Climate science should be less political, while climate policies should be more scientific. In particular, scientists should emphasize that their modeling output is not the result of magic: computer models are human-made. What comes out is fully dependent on what theoreticians and programmers have put in: hypotheses, assumptions, relationships, parameterizations, stability constraints, etc. Unfortunately, in mainstream climate science most of this input is undeclared.
To believe the outcome of a climate model is to believe what the model makers have put in. This is precisely the problem of today’s climate discussion to which climate models are central. Climate science has degenerated into a discussion based on beliefs, not on sound self-critical science. We should free ourselves from the naïve belief in immature climate models. In future, climate research must give significantly more emphasis to empirical science.
There is no climate emergency
A global network of over 1200 scientists and professionals has prepared this urgent message. Climate science should be less political, while climate policies should be more scientific. Scientists should openly address uncertainties and exaggerations in their predictions of global warming, while politicians should dispassionately count the real costs as well as the imagined benefits of their policy measures.
Natural as well as anthropogenic factors cause warming
The geological archive reveals that Earth’s climate has varied as long as the planet has existed, with natural cold and warm phases. The Little Ice Age ended as recently as 1850. Therefore, it is no surprise that we now are experiencing a period of warming.
Warming is far slower than predicted
The world has warmed significantly less than predicted by IPCC on the basis of modeled anthropogenic forcing. The gap between the real world and the modeled world tells us that we are far from understanding climate change.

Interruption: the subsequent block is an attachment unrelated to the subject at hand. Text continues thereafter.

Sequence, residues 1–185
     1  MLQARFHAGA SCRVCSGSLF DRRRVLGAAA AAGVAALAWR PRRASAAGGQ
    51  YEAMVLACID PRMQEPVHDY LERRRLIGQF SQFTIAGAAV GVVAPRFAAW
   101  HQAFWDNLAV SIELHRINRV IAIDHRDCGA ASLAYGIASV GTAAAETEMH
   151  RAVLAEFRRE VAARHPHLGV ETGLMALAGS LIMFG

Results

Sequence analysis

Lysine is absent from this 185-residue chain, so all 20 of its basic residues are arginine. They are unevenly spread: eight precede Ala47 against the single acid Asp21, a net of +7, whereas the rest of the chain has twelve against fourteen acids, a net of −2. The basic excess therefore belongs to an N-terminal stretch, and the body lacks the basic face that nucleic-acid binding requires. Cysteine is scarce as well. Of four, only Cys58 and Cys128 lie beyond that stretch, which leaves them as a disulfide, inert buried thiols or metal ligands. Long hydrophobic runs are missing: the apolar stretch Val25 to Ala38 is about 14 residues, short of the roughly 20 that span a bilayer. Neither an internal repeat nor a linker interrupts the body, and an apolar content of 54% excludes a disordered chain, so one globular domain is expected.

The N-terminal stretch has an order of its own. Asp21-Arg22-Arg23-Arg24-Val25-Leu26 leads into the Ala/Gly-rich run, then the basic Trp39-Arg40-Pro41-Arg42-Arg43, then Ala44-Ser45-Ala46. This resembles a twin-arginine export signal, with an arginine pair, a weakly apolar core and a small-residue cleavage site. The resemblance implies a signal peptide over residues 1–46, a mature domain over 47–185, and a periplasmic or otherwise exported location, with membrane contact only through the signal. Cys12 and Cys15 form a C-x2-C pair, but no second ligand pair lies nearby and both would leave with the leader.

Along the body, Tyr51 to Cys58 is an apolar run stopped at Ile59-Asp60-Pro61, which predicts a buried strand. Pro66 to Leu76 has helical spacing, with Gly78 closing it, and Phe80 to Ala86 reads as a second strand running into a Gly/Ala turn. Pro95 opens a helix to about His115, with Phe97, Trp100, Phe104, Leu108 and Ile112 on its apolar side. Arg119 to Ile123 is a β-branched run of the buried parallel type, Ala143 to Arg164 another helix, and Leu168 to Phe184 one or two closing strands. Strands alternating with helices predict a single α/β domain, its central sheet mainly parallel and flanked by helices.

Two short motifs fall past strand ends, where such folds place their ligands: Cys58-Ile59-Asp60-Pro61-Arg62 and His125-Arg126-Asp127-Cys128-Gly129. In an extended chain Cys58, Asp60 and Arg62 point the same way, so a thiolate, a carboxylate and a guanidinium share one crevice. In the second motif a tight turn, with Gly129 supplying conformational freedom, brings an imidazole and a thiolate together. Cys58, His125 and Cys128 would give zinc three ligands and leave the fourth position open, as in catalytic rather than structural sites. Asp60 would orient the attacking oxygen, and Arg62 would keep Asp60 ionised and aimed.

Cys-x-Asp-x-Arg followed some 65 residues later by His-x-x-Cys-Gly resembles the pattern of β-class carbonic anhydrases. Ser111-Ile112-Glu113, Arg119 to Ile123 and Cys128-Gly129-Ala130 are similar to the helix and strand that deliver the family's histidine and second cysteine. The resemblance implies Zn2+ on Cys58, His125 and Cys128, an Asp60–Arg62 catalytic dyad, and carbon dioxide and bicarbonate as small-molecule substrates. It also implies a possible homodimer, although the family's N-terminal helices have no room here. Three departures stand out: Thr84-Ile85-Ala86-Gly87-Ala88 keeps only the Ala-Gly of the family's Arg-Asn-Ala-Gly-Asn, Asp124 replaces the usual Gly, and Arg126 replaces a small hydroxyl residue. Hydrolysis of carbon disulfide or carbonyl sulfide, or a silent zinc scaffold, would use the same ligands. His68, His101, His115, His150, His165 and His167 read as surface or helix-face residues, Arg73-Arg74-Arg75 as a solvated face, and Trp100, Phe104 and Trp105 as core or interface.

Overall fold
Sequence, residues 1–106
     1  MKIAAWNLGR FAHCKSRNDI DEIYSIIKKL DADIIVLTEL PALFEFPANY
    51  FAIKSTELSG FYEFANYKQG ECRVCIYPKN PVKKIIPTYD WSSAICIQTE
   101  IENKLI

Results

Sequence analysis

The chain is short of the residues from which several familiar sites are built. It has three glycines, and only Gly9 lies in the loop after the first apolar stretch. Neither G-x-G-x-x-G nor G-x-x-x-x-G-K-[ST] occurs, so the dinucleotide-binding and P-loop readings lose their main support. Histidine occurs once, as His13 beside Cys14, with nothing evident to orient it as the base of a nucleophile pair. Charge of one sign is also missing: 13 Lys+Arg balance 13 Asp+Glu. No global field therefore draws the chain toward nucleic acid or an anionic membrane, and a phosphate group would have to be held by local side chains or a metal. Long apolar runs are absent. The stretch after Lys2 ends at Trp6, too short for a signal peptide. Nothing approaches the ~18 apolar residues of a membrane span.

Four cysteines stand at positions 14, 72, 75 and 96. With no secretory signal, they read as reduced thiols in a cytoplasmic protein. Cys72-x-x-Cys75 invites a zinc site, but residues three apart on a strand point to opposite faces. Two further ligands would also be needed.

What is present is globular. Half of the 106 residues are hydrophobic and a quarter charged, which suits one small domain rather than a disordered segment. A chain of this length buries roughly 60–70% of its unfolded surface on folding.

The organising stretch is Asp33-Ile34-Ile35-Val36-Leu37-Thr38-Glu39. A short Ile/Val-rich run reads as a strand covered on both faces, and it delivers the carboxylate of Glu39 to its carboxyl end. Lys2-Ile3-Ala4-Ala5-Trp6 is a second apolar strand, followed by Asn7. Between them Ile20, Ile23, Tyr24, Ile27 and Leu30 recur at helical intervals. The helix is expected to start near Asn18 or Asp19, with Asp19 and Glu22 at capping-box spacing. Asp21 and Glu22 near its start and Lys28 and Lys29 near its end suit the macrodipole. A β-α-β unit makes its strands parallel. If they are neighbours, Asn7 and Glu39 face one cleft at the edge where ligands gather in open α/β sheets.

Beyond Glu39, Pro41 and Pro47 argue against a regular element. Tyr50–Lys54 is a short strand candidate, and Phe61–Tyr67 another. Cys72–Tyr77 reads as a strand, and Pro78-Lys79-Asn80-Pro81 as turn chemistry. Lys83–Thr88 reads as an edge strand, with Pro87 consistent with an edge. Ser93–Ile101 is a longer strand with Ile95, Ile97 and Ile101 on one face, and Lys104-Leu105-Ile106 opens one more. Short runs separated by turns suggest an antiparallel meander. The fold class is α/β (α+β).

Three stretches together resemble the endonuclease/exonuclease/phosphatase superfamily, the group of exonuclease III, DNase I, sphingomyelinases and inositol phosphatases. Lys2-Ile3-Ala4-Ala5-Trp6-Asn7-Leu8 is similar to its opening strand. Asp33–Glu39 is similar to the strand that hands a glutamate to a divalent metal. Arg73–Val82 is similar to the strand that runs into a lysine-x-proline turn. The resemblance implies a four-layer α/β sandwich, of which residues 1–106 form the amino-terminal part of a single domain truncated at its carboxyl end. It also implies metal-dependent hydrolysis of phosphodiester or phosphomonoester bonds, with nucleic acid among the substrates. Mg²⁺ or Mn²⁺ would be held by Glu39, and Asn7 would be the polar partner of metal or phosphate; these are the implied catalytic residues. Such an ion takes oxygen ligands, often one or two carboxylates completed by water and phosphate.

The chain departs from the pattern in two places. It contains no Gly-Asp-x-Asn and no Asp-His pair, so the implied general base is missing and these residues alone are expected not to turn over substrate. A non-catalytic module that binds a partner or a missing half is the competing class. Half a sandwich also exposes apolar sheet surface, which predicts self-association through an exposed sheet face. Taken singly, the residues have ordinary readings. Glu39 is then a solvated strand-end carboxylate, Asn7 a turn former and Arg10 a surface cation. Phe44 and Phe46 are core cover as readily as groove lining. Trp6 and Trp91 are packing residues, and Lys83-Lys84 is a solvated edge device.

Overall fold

Climate policy relies on inadequate models
Climate models have many shortcomings and are not remotely plausible as global policy tools. They blow up the effect of greenhouse gases such as CO2. In addition, they ignore the fact that enriching the atmosphere with CO2 is beneficial.
CO2 is plant food, the basis of all life on Earth
CO2 is not a pollutant. It is essential to all life on Earth. Photosynthesis is a blessing. More CO2 is beneficial for nature, greening the Earth: additional CO2 in the air has promoted growth in global plant biomass. It is also good for agriculture, increasing the yields of crops worldwide.
Global warming has not increased natural disasters
There is no statistical evidence that global warming is intensifying hurricanes, floods, droughts and suchlike natural disasters, or making them more frequent. However, there is ample evidence that CO2-mitigation measures are as damaging as they are costly.
Climate policy must respect scientific and economic realities
There is no climate emergency. Therefore, there is no cause for panic and alarm. We strongly oppose the harmful and unrealistic net-zero CO2 policy proposed for 2050. If better approaches emerge, and they certainly will, we have ample time to reflect and re-adapt. The aim of global policy should be ‘prosperity for all’ by providing reliable and affordable energy at all times. In a prosperous society men and women are well educated, birthrates are low and people care about their environment.
The World Climate Declaration (WCD) has brought a large variety of competent scientists together from all over the world*. The considerable knowledge and experience of this group is indispensable in reaching a balanced, dispassionate and competent view of climate change.
From now onward the group is going to function as “Global Climate Intelligence Group”. The CLINTEL Group will give solicited and unsolicited advice on climate change and energy transition to governments and companies worldwide.
* It is not the number of experts but the quality of arguments that counts
NOBEL LAUREATE PROFESSOR IVAR GIAEVER NORWAY/USA
PROFESSOR GUUS BERKHOUT / THE NETHERLANDS
DR. CORNELIS LE PAIR / THE NETHERLANDS
PROFESSOR REYNALD DU BERGER / FRENCH SPEAKING CANADA
BARRY BRILL / NEW ZEALAND
VIV FORBES / AUSTRALIA
DR. PATRICK MOORE / ENGLISH SPEAKING CANADA
JENS MORTON HANSEN / DENMARK
PROFESSOR LÁSZIÓ SZARKA / HUNGARY
PROFESSOR SEOK SOON PARK / SOUTH KOREA
PROFESSOR JAN-ERIK SOLHEIM / NORWAY
STAVROS ALEXANDRIS / GREECE
FERDINAND MEEUS / DUTCH SPEAKING BELGIUM
PROFESSOR RICHARD LINDZEN / USA
HENRI A. MASSON / FRENCH SPEAKING BELGIUM
PROFESSOR INGEMAR NORDIN / SWEDEN
JIM O’BRIEN / REPUBLIC OF IRELAND
PROFESSOR IAN PLIMER / AUSTRALIA
DOUGLAS POLLOCK / CHILE
DR. BLANCA PARGA LANDA / SPAIN
PROFESSOR ALBERTO PRESTININZI / ITALY
PROFESSOR BENOÎT RITTAUD / FRANCE
DR. THIAGO MAIA / BRAZIL
PROFESSOR FRITZ VAHRENHOLT / GERMANY
THE VISCOUNT MONCKTON OF BRENCHLEY / UNITED KINGDOM
DUŠAN BIŽIĆ / CROATIA, BOSNIA AND HERZEGOVINA, SERBIA AND MONTE NEGRO